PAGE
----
Irving Berlin’s “God Bless America,” as recorded in 1939 by Kate Smith (1907-86), the Virginia-born “Songbird of the South,” is the iconic version of an iconic American patriotic song. After the 9/11 attacks, it became a seventh inning-stretch staple of the New York Yankees and subsequently was taken up by teams in several sports.
Recently, a couple of Smith’s earlier recordings, “That’s Why Darkies Were Born” and “Pickaninny Heaven,” came to light, suddenly turning the singer into an icon of racism. Her “God Bless America” disappeared from sporting events; the Philadelphia Flyers removed a statue of Smith from the courtyard of their stadium.
American popular culture was long replete with language and images now seen rightly as racist or ethnically insensitive. African-Americans weren’t alone: Vaudeville shows, films and songs played on stereotypes of the Irish, Italians, Jews, Latinos, American Indians, Asians – any group seen as an “other.”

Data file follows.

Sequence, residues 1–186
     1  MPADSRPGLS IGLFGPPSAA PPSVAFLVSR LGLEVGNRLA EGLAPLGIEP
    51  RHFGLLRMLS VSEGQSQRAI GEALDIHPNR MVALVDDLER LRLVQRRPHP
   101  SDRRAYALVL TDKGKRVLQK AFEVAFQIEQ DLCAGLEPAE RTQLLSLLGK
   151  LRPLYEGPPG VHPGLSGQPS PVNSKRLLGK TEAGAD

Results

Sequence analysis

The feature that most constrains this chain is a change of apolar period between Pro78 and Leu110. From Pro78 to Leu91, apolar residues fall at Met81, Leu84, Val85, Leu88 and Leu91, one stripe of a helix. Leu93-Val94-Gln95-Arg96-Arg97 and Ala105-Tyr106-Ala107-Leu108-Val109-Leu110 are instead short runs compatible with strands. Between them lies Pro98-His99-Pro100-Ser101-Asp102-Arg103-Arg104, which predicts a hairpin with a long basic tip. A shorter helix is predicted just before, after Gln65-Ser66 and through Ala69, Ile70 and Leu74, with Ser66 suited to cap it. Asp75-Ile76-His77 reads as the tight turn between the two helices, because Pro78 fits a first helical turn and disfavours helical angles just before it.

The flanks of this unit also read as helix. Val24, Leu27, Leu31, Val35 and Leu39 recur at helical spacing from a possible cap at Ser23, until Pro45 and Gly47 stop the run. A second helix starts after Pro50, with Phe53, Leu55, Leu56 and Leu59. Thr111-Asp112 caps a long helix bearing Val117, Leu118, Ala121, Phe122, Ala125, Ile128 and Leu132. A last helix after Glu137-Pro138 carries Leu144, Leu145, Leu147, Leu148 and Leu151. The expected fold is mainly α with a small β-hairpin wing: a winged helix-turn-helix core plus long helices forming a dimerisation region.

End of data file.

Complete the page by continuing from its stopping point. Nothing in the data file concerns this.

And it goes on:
The modern ethos – you can only make fun of your own – is of very recent vintage.
The Washington Post’s Anne Midgette, noting that “That’s Why Darkies Were Born” was also recorded by Paul Robeson, one of the great African-American singers of the mid-20th century, sought the perspective of two current black voices.
“There’s no statute of limitations when it comes to racism,” bass-baritone Morris Robertson says, while conceding that “the mind-set of 1931 is not the mind-set of 2019 – at least, not openly.”
“If we go through history and we really take out everything that a person who’s controversial has done, that’s also robbing us of some of our American history,” tenor Lawrence Brownlee observes. Still, he says, “We’re not losing the song. There are other people who have sung it who can do it.”